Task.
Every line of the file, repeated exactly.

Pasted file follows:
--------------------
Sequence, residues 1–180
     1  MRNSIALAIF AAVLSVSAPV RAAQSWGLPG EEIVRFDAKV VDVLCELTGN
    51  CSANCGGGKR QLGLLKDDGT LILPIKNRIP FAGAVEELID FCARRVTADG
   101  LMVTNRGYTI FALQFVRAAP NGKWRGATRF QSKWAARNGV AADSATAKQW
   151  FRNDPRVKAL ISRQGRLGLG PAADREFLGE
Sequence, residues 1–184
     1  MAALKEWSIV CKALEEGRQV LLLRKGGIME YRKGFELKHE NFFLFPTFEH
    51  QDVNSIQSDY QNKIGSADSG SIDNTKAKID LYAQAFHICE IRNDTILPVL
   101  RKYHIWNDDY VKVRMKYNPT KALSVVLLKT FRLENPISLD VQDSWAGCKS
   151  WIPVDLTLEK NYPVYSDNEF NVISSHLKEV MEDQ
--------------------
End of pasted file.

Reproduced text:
Sequence, residues 1–180
     1  MRNSIALAIF AAVLSVSAPV RAAQSWGLPG EEIVRFDAKV VDVLCELTGN
    51  CSANCGGGKR QLGLLKDDGT LILPIKNRIP FAGAVEELID FCARRVTADG
   101  LMVTNRGYTI FALQFVRAAP NGKWRGATRF QSKWAARNGV AADSATAKQW
   151  FRNDPRVKAL ISRQGRLGLG PAADREFLGE
Sequence, residues 1–184
     1  MAALKEWSIV CKALEEGRQV LLLRKGGIME YRKGFELKHE NFFLFPTFEH
    51  QDVNSIQSDY QNKIGSADSG SIDNTKAKID LYAQAFHICE IRNDTILPVL
   101  RKYHIWNDDY VKVRMKYNPT KALSVVLLKT FRLENPISLD VQDSWAGCKS
   151  WIPVDLTLEK NYPVYSDNEF NVISSHLKEV MEDQ